Cordyceps is a parasitic fungi that takes over the bodies of several insects. Apparently, it might also have the potential to boost testosterone. On this review, I’ll let you in on some information on what this fungi is and I’ll even add in a few research to give you a little bit more detail. Are you ready? Let’s go.
WHY TEST BOOSTER SUPPLEMENTS USE CORDYCEPS
Cordyceps is a genus of fungus that are mainly parasitic to insects and arthropods. Some species are so brutal that they even parasite other fungi. I could personally discuss how Cordyceps invades the bodies of its hosts and turn them into mindless zombies but you know what? The nerd in me is telling me that the videos are so much more dramatic so let’s watch one together.
To me personally, what’s so eerie about Cordyceps is that it’s been used for centuries because of its medicinal value. I mean, a parasite?! medicine?! why??
I’m not shi**ing you, bro. Apparently, Cordyceps is known for its ability to fight stress and the effects of aging. It might have also been used for simple respiratory conditions such as cough and colds and some other more complicated ones like liver disease.
For testosterone though, the research that surrounds Cordyceps is limited and the ones that seem to study its use are pretty weak and even contradicting. If anything, what these researches do show is that Cordyceps might have some untapped potential. Let’s take a closer look, shall we?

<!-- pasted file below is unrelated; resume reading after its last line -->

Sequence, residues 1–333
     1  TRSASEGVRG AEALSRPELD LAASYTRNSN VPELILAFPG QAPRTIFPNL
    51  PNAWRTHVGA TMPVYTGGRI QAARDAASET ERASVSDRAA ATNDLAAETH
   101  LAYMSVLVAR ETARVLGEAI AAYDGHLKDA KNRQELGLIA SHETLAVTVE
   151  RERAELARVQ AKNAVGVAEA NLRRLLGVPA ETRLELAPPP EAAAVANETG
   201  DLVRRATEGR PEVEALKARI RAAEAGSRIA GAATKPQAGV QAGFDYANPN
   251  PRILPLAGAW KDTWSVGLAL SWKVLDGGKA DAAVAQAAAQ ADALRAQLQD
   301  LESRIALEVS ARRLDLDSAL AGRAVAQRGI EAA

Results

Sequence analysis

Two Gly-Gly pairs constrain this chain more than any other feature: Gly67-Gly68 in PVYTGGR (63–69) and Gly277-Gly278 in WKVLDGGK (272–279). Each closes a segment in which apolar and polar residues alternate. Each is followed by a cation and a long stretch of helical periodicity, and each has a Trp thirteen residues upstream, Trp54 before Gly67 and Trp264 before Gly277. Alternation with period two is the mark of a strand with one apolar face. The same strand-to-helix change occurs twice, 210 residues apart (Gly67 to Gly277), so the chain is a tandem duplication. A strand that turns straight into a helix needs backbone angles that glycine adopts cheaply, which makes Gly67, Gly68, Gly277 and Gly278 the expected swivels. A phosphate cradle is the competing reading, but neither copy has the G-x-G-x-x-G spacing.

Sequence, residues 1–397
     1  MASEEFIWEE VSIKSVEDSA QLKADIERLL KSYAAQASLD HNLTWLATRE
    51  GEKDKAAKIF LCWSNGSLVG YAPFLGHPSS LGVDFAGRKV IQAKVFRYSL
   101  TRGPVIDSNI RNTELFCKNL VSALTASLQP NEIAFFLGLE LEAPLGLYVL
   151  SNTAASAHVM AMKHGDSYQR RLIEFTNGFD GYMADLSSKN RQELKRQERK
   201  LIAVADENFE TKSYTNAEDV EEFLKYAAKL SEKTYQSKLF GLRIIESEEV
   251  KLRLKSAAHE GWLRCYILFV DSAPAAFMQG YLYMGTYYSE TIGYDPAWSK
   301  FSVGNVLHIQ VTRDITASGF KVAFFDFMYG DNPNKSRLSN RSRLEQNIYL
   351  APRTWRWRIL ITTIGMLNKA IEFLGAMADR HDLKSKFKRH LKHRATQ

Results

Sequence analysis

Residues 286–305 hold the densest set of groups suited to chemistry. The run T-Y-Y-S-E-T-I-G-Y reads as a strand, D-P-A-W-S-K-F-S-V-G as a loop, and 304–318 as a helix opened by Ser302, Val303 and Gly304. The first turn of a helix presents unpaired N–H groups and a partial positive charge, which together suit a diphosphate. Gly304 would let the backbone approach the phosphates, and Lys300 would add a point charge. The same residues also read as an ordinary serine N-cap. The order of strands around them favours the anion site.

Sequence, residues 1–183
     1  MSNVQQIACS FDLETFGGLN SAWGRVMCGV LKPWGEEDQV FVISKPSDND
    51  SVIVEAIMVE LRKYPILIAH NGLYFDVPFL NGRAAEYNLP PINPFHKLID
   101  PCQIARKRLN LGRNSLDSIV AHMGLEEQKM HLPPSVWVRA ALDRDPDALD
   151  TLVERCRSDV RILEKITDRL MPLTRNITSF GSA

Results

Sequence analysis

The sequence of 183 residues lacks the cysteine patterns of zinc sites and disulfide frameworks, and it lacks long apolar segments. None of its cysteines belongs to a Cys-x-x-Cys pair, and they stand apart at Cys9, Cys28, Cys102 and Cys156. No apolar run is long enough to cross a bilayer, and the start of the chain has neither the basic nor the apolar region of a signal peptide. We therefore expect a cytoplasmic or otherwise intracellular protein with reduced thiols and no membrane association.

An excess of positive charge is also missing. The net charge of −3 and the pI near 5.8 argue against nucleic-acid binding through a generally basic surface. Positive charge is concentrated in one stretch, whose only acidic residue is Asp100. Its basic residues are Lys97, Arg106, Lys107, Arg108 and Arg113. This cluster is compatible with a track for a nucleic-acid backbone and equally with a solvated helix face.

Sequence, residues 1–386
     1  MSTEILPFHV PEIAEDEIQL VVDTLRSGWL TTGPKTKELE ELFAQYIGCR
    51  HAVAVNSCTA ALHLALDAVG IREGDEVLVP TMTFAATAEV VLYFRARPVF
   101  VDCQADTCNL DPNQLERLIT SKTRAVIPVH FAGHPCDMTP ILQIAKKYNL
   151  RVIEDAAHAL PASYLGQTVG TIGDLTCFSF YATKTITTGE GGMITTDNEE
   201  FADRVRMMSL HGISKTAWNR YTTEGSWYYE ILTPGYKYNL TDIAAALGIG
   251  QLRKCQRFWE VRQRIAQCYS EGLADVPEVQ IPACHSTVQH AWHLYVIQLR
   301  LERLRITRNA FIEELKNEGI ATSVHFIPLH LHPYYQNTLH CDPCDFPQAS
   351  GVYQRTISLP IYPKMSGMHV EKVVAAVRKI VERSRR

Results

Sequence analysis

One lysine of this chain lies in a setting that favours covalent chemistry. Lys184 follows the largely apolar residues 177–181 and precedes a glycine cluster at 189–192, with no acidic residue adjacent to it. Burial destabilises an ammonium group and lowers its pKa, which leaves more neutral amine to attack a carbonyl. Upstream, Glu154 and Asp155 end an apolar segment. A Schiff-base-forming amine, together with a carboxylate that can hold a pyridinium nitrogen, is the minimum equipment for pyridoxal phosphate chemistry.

STUDIES ON CORDYCEPS SUGGEST:
Regulate testosterone/cortisol ratio and protect against oxidative stress
As this research states, “a decrease of more than 30% in the testosterone/cortisol ratio” after an exercise (in this case, it would be cycling) is considered a risk factor for nonfunctional overreaching (NFO) or overtraining syndrome (OTS).
As such, the researchers studied how Cordyceps Sinensis and Ganoderma lucidum supplements can help endurance athletes. This research measured testosterone/cortisol ratio and oxidative stress immediately before and after each exercise for comparison.
The entire research went on for 3 months and at the end of it, the researchers found that “after 3 months of supplementation, the testosterone/cortisol ratio changed in a statistically significant manner… and increased scavenger capacity of free radicals“.
In simple English, what those results basically meant was that Cordyceps Sinensis (plus Ganoderma lucidum) protected the athletes from NFO, OTS, and oxidative stress by regulating the testosterone to cortisol ratio and fighting against toxic free radicals.
No effect on exercise and testosterone
You might be thinking, “Wait. Didn’t the last research show that Cordyceps positively influenced testosterone and exercise?” Yes, it did but there are a few key limitations to both of these studies. I’ll discuss them later but now, let me give you a summary of this next research.
This next one is aimed to study the effects of Cordyceps Sinensis supplementation and resistance training in young adult males. These men were differentiated into two groups of either Cordyceps Sinensis supplementation or placebo. Both groups underwent the same intensity exercise for 8 weeks.
Of course, measurements were taken including the men’s 1 RM bench press, leg press, and seated rowing as well as body composition, plasma testosterone levels, serum concentrations of blood urea nitrogen, creatinine, aspartate transaminoferase, and alanine transaminoferase.